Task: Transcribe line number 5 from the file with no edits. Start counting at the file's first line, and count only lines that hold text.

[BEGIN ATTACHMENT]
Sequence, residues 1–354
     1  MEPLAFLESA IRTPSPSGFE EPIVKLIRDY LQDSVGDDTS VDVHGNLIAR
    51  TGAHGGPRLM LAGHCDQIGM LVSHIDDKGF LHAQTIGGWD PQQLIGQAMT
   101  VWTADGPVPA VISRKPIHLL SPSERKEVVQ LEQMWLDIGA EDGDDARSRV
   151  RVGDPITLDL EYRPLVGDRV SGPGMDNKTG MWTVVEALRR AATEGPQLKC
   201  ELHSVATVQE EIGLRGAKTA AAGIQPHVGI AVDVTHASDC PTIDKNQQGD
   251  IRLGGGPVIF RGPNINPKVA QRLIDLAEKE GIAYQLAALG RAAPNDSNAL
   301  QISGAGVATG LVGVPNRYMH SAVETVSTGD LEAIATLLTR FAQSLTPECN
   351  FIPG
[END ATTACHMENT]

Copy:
   151  RVGDPITLDL EYRPLVGDRV SGPGMDNKTG MWTVVEALRR AATEGPQLKC